Hey Ladies (and gents).
Why did you decide to go natural?
My reason to revert back to natural was that I was embarking on a journey of self-discovery, which you can read about here.
I recently found a website, un-ruly.com, which is currently running a series: “Hairties: A message from this generation to the next”. Throughout this series, women tell their stories about the people who influenced the way they view their natural hair. Watching these stories made me think of Kelley Felix, this week’s feature and the way she views natural hair.
“The more we share our stories of loving our hair the more young girls and boys will start loving themselves and the skin they were born in.”
Kelley has an exceptional story to tell. She accepted that the bushy-ness, curliness that is her hair will not be tamed and decided to wear her hair with pride.
When Kelley was younger, she needed to wear her hair straight, because it was considered neater.
“I must say I have always considered myself to be natural but during my high school years, I was “forced” to wear my hair straight to appear ‘neater’. During my first year of varsity, I realised an amazing thing: I could wear my hair any way I wanted.”
Big hair, big personality
Despite the compliments she received for her big bush of curls, there were always a few negative comments from naysayers.
“I reverted back to heat, relaxing once or twice and hair dyes. My hair was big no matter what I did. I had two big chops in between but it wasn’t until recently that I decided: ‘no more horrible treatment of my curls’.”
So in celebration of her 30th birthday this year, Kelley decided to big chop again.
“I am excited about the ‘new’ and being 30, so why not start it with healthy self-loving actions? A new adventure spurred me on ‘to go natural’ once more and finally sticking to it. It’s been about 2-3 months since my big chop and no heat or sulphate has touched this head.”
I met Kelley a few months ago at Port Elizabeth’s first Natural Hair Event, hosted by the group Curl Talk, of which she is a part. If you’ve known Kelley for a while, you would soon realise that this friendly loving soul is a free spirit and is comfortable with herself in her own skin.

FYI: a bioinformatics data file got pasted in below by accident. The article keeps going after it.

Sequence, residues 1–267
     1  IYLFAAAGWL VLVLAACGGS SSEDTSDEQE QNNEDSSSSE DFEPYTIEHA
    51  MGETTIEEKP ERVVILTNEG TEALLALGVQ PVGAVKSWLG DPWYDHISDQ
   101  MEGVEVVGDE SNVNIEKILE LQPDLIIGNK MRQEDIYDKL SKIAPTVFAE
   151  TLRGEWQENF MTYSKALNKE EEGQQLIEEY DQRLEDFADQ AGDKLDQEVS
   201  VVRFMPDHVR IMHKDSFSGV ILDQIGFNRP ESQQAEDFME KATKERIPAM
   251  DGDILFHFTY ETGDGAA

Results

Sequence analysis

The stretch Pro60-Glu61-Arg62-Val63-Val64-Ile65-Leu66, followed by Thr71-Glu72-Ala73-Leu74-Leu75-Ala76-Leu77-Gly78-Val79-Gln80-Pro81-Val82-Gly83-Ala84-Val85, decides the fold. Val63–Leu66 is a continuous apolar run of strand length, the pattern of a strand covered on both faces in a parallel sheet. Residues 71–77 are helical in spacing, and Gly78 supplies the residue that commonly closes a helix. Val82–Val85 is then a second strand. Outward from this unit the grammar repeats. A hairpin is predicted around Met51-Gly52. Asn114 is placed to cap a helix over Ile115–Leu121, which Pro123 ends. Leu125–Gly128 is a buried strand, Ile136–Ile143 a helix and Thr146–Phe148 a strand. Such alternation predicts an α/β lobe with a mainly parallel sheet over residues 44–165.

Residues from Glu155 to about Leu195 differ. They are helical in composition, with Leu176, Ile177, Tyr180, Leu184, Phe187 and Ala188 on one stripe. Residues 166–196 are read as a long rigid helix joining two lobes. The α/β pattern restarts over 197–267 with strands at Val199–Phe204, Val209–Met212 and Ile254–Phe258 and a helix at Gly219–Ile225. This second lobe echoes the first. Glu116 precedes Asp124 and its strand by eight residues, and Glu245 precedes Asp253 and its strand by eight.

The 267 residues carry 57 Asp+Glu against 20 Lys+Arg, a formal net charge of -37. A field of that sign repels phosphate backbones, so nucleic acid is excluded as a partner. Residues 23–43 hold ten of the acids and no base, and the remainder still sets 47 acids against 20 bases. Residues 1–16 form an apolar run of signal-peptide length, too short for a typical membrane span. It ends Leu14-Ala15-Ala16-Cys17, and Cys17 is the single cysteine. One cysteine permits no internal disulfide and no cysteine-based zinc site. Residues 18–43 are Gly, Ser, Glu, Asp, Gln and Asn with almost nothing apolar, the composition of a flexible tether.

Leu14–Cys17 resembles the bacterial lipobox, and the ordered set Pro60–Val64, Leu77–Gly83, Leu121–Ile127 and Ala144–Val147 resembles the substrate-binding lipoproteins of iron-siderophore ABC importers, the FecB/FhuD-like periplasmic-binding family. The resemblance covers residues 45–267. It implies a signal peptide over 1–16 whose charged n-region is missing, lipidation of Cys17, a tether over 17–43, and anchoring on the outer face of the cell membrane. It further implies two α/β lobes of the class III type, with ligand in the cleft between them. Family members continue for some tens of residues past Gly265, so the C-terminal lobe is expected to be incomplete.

“I love being able to just be and not worrying about hours of blow drying and making sure my hair stays pin straight in whatever weather. Being able to exist in my brown skin with a wild bush of hair that adorns my head, I almost feel like I’m not pretending, you know? I don’t even know if that makes sense. There is something subtly wild and free about natural hair.”
Natural hair negatives
But because the natural hair movement is still fairly young in South Africa, there are also some negatives, she says.
“The minds of women and men of colour are still colonized to believe that straight hair is equal to beauty. That is such a big misconception and many young men and women, therefore, cannot see themselves wearing their hair in its natural state. Without thinking they straighten their hair with harsh chemicals or damage their edges by wearing weaves etc. It is within workplaces that people assume that wearing one’s hair naturally that it is not professional or untidy. When one aspires to “professionalism” and neatness it
“It is within workplaces that people assume that wearing one’s hair naturally that it is not professional or untidy. When one aspires to “professionalism” and neatness it is assumed that you should aspire to ‘European standards of beauty’.”
Kelley explains that loving yourself and self-acceptance should start with teaching our children.
“We should teach our children from a young age that the hair and skin that they are born with is acceptable. People of colour should make sure that they educate themselves on their heritage and take pride in their skin and appearance. Straight hair and fair skin do not equate to beauty, professionalism, intellect, talent, neatness etc. Educating our youth on self-love will eradicate the negatives surrounding the natural hair movement within South Africa. Black women have been fighting for years and years to “normalize” wearing natural hair in South Africa and destroy societal ‘norms’ concerning who is beautiful and who is not. Take Thandiswa Mazwai, Lira, Lulu Dikana, etc. for example.”
Kelly has some unique views on the future of the movement.
“Unfortunately, as always, capitalism ruins everything and companies are exploiting consumers more than ever. They are coining it with all these products they are selling to consumers at ridiculous prices. So you still need to buy high-priced products even though you’re natural? It’s a shame. I hope 10 years from now there would’ve been a natural hair revolution that has been all-inclusive. (Oh, and I also wish that the products would not be so expensive. And that natural hair would be seen as the ‘norm’ and not a money-making-thing.)”
Thanks Kelley for sharing. Follow her on Instagram
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